Retro Off-Roader Design Battle: Bronco vs. Wrangler vs. Defender

Retro Off-Roader Design Battle: Bronco vs. Wrangler vs. Defender

Nouveau-Retro Style Meets Rugged All-Terrain

It's a good time to be alive if you're into buying an off-road SUV straight from the factory. There are some great choices out there, and it looks like the new 2021 Ford Bronco has a lot of potential to be one of the best. Of course, there's no way to know for sure until we get to drive one for ourselves. As we patiently wait for that day to come, we can occupy ourselves by comparing it to its closest competitors: the 2020 Jeep Wrangler and the 2020 Land Rover Defender.

All three are iconic SUVs. They celebrate their heritage with motifs and design elements that go back several decades and then back it up with impressive specs and modern engineering. The common thread? They're boxy, have short overhangs (the length of the vehicle that goes past the front and rear tires), and are specifically designed to be more capable off-road than the typical crossover SUV. Otherwise, they have wildly different approaches to design.

2020 Jeep Wrangler - Group Picture

2020 Jeep Wrangler - Group Picture

Jeep Wrangler

Let's start with the Jeep. In a lot of ways, it could be considered one of the originators of the class. It's easy to see the resemblance between the newest Wrangler and the original Jeep from World War II.

The current Jeep Wrangler and the Willy's MA (an early prototype Jeep) are both purpose-built and simple in design. The Willy's MA shows the origin of the Wrangler's distinctive grille with vertical metal slats. There are also the flat fenders and a slab-sided body that are similarly recognizable. Other Jeep staples include the fold-down windshield and removable doors. The later MB version is the one we recognize as the standard military Jeep. Its grille is stamped steel rather than welded with slats. That helped speed up production. After the war, Willy's introduced the first civilian Jeep, which is where the company's CJ model designation came from.

Jeep dropped the CJ title in favor of the Wrangler name in the late 1980s. There have been evolutionary changes over the decades — more rounded shapes, for instance, or the thankfully short-lived square headlights from the first Wrangler generation — but the profile is still easily recognizable as a Jeep. This is the kind of brand equity that is earned, not bought. The Wrangler's fanbase is very dedicated.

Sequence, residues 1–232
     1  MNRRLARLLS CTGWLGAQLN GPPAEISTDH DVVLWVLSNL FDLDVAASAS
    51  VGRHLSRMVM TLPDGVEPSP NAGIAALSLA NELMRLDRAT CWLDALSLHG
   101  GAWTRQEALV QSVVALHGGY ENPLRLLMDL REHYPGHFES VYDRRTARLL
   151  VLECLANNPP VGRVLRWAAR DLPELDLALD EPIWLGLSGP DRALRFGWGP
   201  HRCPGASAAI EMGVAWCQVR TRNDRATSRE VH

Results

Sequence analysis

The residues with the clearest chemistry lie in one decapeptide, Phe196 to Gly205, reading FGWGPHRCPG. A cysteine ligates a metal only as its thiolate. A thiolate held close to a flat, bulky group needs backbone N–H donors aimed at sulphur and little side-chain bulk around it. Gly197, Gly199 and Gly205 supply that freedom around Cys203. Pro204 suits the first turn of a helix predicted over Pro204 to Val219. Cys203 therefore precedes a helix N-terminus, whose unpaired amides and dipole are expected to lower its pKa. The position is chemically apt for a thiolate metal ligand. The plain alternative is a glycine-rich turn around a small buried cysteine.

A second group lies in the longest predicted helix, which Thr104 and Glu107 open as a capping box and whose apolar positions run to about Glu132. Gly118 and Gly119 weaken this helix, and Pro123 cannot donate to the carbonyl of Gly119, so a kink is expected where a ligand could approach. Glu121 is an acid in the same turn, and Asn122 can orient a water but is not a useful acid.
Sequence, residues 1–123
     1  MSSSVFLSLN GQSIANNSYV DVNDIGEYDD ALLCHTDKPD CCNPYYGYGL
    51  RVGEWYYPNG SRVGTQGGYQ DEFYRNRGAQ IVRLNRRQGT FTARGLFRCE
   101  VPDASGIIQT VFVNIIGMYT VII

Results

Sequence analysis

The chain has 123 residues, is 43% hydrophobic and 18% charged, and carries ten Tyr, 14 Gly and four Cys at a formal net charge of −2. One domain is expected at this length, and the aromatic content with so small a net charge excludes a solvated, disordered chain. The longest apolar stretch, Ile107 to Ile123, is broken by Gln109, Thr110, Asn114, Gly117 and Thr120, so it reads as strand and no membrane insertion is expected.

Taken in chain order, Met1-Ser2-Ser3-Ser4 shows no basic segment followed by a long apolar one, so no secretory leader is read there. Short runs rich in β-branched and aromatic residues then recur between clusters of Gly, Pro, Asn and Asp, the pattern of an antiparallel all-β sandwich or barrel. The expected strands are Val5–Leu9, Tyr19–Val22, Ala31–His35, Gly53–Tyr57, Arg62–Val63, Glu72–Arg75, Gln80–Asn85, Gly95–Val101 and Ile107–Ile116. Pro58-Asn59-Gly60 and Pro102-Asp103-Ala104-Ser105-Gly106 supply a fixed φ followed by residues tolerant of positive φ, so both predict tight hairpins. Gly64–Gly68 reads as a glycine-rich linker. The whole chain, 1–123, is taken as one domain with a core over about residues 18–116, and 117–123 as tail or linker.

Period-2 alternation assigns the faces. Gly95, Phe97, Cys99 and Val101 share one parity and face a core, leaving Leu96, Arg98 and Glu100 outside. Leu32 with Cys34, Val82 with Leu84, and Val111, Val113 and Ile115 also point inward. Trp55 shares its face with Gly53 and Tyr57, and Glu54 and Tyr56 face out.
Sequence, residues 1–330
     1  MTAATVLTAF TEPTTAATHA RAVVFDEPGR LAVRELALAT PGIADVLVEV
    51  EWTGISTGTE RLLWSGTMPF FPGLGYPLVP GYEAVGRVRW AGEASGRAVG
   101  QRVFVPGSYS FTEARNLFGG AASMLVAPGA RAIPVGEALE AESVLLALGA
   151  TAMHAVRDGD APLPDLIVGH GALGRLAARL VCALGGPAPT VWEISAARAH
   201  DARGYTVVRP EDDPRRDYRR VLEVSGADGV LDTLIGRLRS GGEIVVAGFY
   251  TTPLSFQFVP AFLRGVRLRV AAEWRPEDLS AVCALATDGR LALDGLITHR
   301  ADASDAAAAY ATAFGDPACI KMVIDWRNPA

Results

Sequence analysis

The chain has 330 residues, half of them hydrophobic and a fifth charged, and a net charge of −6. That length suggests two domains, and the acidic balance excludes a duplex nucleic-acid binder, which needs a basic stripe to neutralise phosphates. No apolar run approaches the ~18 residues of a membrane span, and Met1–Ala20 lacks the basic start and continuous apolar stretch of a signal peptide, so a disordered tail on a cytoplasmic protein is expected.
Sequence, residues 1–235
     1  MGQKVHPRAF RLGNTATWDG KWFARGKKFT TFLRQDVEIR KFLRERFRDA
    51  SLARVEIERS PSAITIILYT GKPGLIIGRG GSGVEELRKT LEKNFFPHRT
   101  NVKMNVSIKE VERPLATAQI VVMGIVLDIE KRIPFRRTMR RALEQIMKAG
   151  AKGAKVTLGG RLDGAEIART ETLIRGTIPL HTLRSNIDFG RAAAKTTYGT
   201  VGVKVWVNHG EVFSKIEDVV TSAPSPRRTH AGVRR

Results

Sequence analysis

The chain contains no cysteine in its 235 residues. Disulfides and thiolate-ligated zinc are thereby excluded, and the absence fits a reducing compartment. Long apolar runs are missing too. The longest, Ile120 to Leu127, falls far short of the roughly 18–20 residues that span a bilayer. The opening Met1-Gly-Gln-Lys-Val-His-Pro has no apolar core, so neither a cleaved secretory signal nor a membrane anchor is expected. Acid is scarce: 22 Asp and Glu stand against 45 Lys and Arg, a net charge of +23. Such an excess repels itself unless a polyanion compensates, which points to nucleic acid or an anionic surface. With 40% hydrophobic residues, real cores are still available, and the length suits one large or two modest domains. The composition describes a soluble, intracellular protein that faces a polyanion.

2020 Land Rover Defender - Group Picture

2020 Land Rover Defender - Group Picture

Land Rover Defender

The Land Rover Defender's heritage can be traced back to the early Land Rover Series 1, 2 and 3. These models were originally developed for agricultural and commercial purposes in postwar Britain. Like the Jeep, they were simple and rugged. In the 1980s, the Defender came on the scene with the squared-off style that many of us have come to love.

The two main versions — the Defender 90 and the longer 110 — were only offered in the U.S. for a few years. This rarity helps explain why they've been considered by off-road enthusiasts as forbidden fruit. A bare-bones attitude, with exposed rivets and sharp corners, had a charm all its own.

The Defender underwent its only true redesign last year. It's a more modern reinterpretation rather than an evolution. It's softer in its style, which might be a disappointment to the Defender loyalists, but it might also attract more shoppers as a result. To use a movie reference, it's great to earn critical praise, but sometimes you need a blockbuster to keep the lights on.

There are hints of the original Defender here and there, but the new model simply isn't as imposing as before. Sure, it has some mean-looking headlights and a chopped-off tail section, but the rounded-over fenders and corners are reminiscent of a Honda Element from certain angles. There's no doubt it's a very capable off-roader, and if current Land Rovers are any indication, the technical wizardry makes it a lot easier to navigate terrain.

But. There's always a But.

Part of the allure of off-roading is the struggle. The sensation that you're an integral part of reaching the destination. The Defender may make it too easy, if that's even possible. The interior is a good example. It has echoes of its past, but it's overpowered by the modern and luxurious setting. It's likely a great glamper and maybe better on the road than the Wrangler or Bronco, but we're certain we'd feel bad about mucking up that lovely cabin.

2021 Ford Bronco - Front 3/4

2021 Ford Bronco - Front 3/4

Ford Bronco

Has the revived Bronco split the difference between the Jeep and the Defender? No, it definitely trends more toward the Jeep. In some ways it's what we were hoping for from the Defender, with its strong retro identity and many of the latest tech and convenience features. Ford introduced its original Bronco SUV for the 1966 model year and produced it in a few generations before ending production for 1996.

On the new model, some people might say Ford was a bit too heavy-handed with the heritage design. But overall, it just seems to work really well together. What also resonates is that Ford didn't really include any retro elements that don't serve a purpose. For example, those fender peaks look great, and they also help the driver know where the corners of vehicles are.

On the whole, it's the details that make the Bronco special. It's almost as if Ford let Jeep blaze a trail for two decades only to take a massive shortcut that isn't on any map and show up at the same destination. If successful, the Bronco may usher in a new wave of cool off-roaders. At least, one can hope. We'd love to see a Toyota FJ revival and, in a Hail Mary pass, maybe even an International Scout. In the meantime, we'll be looking forward to comparing the Bronco, Wrangler and Defender in an epic off-road comparison. Stay tuned.